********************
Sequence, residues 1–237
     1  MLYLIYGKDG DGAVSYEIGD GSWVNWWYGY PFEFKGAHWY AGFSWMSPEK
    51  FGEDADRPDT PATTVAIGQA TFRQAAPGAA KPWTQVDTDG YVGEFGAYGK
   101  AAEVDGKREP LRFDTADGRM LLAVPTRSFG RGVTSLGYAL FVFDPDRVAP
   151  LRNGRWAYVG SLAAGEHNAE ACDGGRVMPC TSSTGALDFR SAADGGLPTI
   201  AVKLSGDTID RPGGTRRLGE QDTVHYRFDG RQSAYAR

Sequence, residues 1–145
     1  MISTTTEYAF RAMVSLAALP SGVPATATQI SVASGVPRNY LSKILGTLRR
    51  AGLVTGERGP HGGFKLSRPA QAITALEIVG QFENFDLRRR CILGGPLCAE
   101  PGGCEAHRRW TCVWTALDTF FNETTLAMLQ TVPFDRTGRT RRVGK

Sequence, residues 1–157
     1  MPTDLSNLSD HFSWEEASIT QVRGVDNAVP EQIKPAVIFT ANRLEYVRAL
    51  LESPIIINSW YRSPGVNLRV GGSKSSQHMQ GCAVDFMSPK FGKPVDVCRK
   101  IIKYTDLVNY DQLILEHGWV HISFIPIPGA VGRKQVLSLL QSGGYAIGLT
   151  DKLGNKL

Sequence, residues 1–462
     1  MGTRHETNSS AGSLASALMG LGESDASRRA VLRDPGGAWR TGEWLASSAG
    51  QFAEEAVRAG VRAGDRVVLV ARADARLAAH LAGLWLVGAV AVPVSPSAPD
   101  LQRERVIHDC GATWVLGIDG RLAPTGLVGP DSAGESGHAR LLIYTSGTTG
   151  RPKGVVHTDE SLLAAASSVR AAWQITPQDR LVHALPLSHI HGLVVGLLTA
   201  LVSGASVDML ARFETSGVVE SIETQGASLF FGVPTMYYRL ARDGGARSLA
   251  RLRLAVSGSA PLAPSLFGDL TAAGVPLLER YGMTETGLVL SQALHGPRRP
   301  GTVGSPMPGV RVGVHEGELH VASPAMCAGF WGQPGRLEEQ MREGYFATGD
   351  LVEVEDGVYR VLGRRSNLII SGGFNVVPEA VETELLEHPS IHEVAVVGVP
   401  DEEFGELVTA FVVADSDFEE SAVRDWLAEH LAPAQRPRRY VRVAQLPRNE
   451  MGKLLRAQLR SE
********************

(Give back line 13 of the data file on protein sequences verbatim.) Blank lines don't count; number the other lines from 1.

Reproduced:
    51  LESPIIINSW YRSPGVNLRV GGSKSSQHMQ GCAVDFMSPK FGKPVDVCRK